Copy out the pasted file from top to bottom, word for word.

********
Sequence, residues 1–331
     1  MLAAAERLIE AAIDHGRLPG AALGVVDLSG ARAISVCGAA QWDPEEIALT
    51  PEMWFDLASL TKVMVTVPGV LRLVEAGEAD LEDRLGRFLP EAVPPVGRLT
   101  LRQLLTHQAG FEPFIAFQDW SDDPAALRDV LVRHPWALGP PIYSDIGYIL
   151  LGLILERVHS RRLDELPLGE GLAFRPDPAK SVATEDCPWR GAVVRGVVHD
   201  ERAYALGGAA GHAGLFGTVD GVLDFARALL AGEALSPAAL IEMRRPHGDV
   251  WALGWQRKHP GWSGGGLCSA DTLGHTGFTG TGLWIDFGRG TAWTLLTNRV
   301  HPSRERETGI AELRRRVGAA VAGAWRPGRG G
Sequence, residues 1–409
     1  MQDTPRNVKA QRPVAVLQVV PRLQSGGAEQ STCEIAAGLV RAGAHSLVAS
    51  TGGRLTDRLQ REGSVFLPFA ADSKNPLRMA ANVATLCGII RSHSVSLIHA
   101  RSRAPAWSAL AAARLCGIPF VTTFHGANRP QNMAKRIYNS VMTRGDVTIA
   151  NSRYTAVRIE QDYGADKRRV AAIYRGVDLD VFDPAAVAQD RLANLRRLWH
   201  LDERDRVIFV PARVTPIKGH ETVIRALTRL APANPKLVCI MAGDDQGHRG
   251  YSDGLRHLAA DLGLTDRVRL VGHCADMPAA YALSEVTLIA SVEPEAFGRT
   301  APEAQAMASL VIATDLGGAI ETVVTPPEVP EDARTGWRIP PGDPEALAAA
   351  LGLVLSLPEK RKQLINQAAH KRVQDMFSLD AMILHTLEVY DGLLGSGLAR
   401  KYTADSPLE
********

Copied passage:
Sequence, residues 1–331
     1  MLAAAERLIE AAIDHGRLPG AALGVVDLSG ARAISVCGAA QWDPEEIALT
    51  PEMWFDLASL TKVMVTVPGV LRLVEAGEAD LEDRLGRFLP EAVPPVGRLT
   101  LRQLLTHQAG FEPFIAFQDW SDDPAALRDV LVRHPWALGP PIYSDIGYIL
   151  LGLILERVHS RRLDELPLGE GLAFRPDPAK SVATEDCPWR GAVVRGVVHD
   201  ERAYALGGAA GHAGLFGTVD GVLDFARALL AGEALSPAAL IEMRRPHGDV
   251  WALGWQRKHP GWSGGGLCSA DTLGHTGFTG TGLWIDFGRG TAWTLLTNRV
   301  HPSRERETGI AELRRRVGAA VAGAWRPGRG G
Sequence, residues 1–409
     1  MQDTPRNVKA QRPVAVLQVV PRLQSGGAEQ STCEIAAGLV RAGAHSLVAS
    51  TGGRLTDRLQ REGSVFLPFA ADSKNPLRMA ANVATLCGII RSHSVSLIHA
   101  RSRAPAWSAL AAARLCGIPF VTTFHGANRP QNMAKRIYNS VMTRGDVTIA
   151  NSRYTAVRIE QDYGADKRRV AAIYRGVDLD VFDPAAVAQD RLANLRRLWH
   201  LDERDRVIFV PARVTPIKGH ETVIRALTRL APANPKLVCI MAGDDQGHRG
   251  YSDGLRHLAA DLGLTDRVRL VGHCADMPAA YALSEVTLIA SVEPEAFGRT
   301  APEAQAMASL VIATDLGGAI ETVVTPPEVP EDARTGWRIP PGDPEALAAA
   351  LGLVLSLPEK RKQLINQAAH KRVQDMFSLD AMILHTLEVY DGLLGSGLAR
   401  KYTADSPLE